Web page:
From cold forest to warm hearth
The forest is dark and cold
At five in the morning, I'm told
By a little girl wearing a homespun dress,
And a gray beret over her curly tress.
Her face is dusty as she fetches water in that dark, cold place,
Until she meets the man who knew her mother so far away.
The man with angel white hair takes her to live a better life,
But they must hide because he's a hunted man.
For years they move from place to place,
Until the raising of the barricades,
And she meets the young man who would be her prince,
Her fortune has been set by heaven above,
Watched over by the mother
She never had a chance to love.
A kind man has raised her and saved her prince's life,
And finally there's a home
For her heart to grow in love.
Cosette in the Forest, in Les Miserables
- Les Misérables - Wikipedia, the free encyclopedia
Summarizes and outlines the story of Victor Hugo's "Les Miserables."
- Cosette, the character in Les Miserables
Cosette (Character) on IMDb: Movies, TV, Celebs, and more...
- Cosette meets Jean Valjean
Text from the scene in Les Miserables when Cosette meets Jean Valjean just after she draws water from the well in the forest for Madame Thenardier.
The story of Les Miserables, by Victor Hugo, chronicles the transformation of the protagonist, Jean Valjean. It is told from his point of view. The reader journeys along with Valjean as his transformation touches others, including Fantine and her daughter Cosette.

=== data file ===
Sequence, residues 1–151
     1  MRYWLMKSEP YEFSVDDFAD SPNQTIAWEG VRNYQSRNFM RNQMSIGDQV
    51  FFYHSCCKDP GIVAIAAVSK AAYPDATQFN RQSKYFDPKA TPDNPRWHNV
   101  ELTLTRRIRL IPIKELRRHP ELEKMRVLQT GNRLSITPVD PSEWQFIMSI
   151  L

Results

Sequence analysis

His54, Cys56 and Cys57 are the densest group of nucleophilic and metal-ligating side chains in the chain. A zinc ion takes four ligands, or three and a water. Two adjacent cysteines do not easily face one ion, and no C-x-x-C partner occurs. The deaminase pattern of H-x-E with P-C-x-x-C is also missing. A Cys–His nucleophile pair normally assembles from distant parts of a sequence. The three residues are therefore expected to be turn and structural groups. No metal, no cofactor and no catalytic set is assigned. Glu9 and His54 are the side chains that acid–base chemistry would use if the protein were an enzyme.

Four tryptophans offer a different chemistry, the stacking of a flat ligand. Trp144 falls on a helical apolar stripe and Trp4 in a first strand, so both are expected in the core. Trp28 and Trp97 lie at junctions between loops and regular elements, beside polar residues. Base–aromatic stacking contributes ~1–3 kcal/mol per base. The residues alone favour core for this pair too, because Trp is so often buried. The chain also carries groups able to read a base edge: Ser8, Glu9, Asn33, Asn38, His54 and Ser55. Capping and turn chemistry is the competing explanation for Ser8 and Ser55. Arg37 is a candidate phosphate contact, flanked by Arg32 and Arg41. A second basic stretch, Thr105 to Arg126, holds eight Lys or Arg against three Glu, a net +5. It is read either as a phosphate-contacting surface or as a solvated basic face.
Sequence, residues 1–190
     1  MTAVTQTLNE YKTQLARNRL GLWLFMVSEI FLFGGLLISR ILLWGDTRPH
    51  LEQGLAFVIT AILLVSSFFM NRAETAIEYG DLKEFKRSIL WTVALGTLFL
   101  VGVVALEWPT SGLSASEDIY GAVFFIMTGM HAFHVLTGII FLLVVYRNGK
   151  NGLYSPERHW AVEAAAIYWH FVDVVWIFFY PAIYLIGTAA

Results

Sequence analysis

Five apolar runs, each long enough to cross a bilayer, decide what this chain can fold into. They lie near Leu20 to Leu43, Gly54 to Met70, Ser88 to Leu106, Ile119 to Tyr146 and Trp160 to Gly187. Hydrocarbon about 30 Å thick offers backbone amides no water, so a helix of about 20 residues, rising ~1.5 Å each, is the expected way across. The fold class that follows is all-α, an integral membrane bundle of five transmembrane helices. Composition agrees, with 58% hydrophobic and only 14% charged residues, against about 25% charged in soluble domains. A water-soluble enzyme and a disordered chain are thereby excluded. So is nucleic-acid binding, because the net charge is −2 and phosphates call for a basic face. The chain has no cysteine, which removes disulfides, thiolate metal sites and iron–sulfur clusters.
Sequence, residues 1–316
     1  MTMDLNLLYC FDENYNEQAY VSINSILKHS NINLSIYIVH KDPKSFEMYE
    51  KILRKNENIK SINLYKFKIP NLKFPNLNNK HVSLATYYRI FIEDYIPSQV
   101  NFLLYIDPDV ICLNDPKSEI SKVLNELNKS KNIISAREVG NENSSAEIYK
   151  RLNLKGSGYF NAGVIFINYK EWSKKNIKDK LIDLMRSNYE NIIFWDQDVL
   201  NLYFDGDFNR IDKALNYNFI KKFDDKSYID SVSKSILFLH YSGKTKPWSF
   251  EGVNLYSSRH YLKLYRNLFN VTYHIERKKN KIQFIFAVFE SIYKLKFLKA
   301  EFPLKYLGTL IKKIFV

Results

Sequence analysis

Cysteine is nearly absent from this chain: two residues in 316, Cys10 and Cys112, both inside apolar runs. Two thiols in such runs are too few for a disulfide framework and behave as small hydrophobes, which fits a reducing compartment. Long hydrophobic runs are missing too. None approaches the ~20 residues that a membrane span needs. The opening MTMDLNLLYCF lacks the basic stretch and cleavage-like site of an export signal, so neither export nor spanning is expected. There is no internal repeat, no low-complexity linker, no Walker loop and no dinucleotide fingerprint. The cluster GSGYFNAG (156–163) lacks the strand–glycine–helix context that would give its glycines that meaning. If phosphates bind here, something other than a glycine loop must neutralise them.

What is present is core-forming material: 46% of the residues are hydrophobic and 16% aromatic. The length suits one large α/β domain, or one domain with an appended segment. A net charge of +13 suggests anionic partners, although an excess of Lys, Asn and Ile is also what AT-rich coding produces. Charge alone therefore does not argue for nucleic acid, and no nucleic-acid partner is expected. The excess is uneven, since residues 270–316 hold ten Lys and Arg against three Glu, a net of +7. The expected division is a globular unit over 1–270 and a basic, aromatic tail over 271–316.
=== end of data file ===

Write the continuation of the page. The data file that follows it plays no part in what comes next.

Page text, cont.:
Cosette is often misused by the Thenardiers, but Valjean's faith, boldness, fortitude and integrity win over their attempts to call in the law on their side to stop him. Valjean and Cosette meet many challenges as they attempt to remain below the radar of the law, and many minor characters work around them to help them maintain their privacy.
Despite his best efforts, Cosette compromises the obscurity of Valjean's whereabouts because he is not ready to tell her about his past and she doesn't realize the dangers of her becoming involved with a civil protester. In the end, the dire circumstances around the French Revolution compel Jean Valjean to leave the relative security of his home to save others' lives. He knows that he is getting old and he must secure a future for Cosette. The road sign for this is in a letter that is delivered to him by Eponine. He realizes that he has no other choice than to take the risk of supporting the students behind the barricade and saving the life of Marius. Cosette marries Marius and Jean Valjean's story ends. Cosette's story continues because of both Valjean's bravery and her open heart.
© 2009 Karen Szklany Gault
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